Currently, three federal agencies play a role in the regulation of genetic testing: the Centers for Medicare and Medicaid Services (CMS), the Food and Drug Administration (FDA), and the Federal Trade Commission (FTC). Generally, CMS is responsible for regulating the clinical laboratories performing genetic testing to ensure testing quality. The FDA regulates the safety and effectiveness of genetic tests and pharmacogenomics (the use of genomic information to predict patient response to a particular drug), as well as genomics tools in clinical research. Finally, the FTC regulates how tests are advertised. Interestingly, the collection of biospecimens from deceased individuals is not legally classified as human subjects research under the Department of Health and Human Services policy regarding the Protection of Human Subjects, but because potentially impactful genetic information could be uncovered in the study that is of direct significance to donor families, possible ethical implications still should be considered on their behalf.

(Ewen Callaway, Nature)

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October 20, 2017 at 9:02 am

Science Policy Around the Web – October 17, 2017

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By: Charles Wright, Ph.D.

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Source: Public Domain Pictures

Gene Therapy

FDA experts offer a unanimous endorsement for pioneering gene therapy for blindness

Gene therapy, an approach long hailed for its potential to cure intractable genetic diseases, finally has some successes in getting regulatory approval.  Recently, the U.S. Food and Drug Administration (FDA) approved the first-ever gene therapy treatment for a fatal brain disease.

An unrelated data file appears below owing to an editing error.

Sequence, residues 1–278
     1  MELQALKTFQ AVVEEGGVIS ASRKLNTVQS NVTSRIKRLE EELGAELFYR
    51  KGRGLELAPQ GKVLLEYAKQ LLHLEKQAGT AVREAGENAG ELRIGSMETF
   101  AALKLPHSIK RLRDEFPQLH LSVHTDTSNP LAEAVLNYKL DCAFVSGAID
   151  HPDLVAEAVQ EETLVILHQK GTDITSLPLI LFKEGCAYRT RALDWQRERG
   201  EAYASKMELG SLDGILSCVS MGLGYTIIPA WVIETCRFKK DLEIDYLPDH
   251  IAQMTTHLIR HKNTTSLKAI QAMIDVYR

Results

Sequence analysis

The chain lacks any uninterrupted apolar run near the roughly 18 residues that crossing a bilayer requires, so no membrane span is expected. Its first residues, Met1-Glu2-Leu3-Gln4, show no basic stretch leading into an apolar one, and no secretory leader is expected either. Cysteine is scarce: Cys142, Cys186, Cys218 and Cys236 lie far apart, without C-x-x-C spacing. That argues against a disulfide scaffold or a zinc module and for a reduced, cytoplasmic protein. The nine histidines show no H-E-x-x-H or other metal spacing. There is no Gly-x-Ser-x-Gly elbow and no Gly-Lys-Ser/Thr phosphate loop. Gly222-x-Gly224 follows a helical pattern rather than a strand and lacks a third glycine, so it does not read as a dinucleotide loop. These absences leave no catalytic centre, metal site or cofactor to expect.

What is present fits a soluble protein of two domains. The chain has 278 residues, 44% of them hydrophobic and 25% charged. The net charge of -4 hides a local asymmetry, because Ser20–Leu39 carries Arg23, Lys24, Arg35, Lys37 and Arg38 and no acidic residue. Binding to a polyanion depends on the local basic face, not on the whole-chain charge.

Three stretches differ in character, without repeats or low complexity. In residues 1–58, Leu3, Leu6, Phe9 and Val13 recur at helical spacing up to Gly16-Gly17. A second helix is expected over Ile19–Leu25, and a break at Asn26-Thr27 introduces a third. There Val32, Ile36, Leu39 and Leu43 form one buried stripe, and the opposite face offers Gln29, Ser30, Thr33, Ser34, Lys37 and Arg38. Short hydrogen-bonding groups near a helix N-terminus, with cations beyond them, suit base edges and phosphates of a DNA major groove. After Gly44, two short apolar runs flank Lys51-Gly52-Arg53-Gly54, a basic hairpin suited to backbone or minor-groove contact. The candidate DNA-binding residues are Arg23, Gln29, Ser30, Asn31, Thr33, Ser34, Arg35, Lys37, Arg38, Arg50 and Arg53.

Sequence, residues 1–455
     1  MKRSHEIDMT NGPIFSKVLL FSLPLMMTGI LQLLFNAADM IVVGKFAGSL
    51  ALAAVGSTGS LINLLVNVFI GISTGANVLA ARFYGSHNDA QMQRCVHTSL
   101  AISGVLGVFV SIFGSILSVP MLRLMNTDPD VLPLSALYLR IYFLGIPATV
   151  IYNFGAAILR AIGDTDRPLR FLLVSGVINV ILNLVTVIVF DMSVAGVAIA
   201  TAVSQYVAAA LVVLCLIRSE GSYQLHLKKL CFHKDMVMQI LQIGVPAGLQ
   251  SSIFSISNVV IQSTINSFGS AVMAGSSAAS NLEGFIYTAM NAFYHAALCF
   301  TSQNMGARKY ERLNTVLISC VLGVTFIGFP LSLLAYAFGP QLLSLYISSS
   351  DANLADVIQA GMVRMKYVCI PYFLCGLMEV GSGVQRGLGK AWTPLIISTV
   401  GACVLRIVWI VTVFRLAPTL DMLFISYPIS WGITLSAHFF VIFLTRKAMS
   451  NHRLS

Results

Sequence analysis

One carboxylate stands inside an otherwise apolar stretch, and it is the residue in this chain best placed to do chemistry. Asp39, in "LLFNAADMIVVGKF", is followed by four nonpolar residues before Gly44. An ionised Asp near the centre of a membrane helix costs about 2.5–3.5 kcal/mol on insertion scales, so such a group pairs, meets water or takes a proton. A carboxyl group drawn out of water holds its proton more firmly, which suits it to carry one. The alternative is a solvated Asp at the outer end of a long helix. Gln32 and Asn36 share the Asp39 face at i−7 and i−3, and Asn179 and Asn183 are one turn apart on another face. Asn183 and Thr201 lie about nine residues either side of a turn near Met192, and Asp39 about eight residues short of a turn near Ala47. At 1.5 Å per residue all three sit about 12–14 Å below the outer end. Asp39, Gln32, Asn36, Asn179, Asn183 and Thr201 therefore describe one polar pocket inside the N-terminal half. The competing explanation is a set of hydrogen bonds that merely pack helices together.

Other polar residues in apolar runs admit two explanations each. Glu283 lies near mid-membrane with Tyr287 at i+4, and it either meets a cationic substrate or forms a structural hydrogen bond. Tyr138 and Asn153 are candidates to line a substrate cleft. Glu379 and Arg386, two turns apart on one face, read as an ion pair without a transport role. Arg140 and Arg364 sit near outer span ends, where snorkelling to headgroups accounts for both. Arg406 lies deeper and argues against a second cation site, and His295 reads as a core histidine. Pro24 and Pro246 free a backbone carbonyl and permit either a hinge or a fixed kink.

Last week, another gene therapy approach—this time for a blinding disease that strikes in early-to-late childhood—also received endorsement by a 16-0 vote from the FDA’s Cellular, Tissue and Gene Therapies Advisory Committee. The vote provides encouragement for patients suffering from Leber congenital amaurosis, type 2 (LCA2), which Voretigene neparvovec (Luxterna) from Spark Therapeutics aims to treat. However formal regulatory approval is still pending . Leber congenital amaurosis, although rare with an estimated prevalence of only 1:50,000 – 1:100,000, devastates vision at an early age. Newborns may show visual impairment immediately after birth, and most LCA patients lose most of their vision by the time they reach 20-30 years of age. Voretigene neparvovec aims to treat patients with mutations in the RPE65 gene, characteristic of LCA2, through gene therapy.

The recent string of successes in gene therapy comes years after the field struggled to rebuild itself after tragedy.  In 1999, the death of a participant in a trial to treat a rare metabolic disorder forced FDA to strengthen its oversight of gene therapy trials. With the first formal FDA approval for a gene therapy awarded just months ago, the recent approvals for other treatments since then suggests gene therapy may have reached a turning point.  In the future, gene therapy may be common for a variety of diseases.

If voretigene neparvovec receives FDA approval, it will be the first gene therapy treatment for a blinding disease.

(John Carroll, Science)

The Scientific Workforce

Why I’m pushing for a postdoc union

Postdoctoral fellows face a bevy of obstacles that threaten to derail even the most brilliant and committed young scientists from a research career.  Many postdocs unfortunately become intimately familiar with them in the lab; funding, publications, and tenure-track positions elude trainees and can keep postdocs from establishing themselves as independent researchers for years.  The harsh reality of the postdoc lifestyle often causes problems outside the lab as well.  Low pay, long working hours, and relationship strain all take their toll.

In response to these issues, some postdocs try to form unions to force academia to respond.  The subject of postdoc unions often pits researchers against university administrators, and the legal standing of postdoc unionization remains in flux.  Universities may claim unionization ultimately harms postdoc employment, as supervisors may write less than glowing recommendation letters for post-docs who missed work due to labor disputes. Nevertheless many postdocs feel unions may help provide a platform for receiving the benefits they need.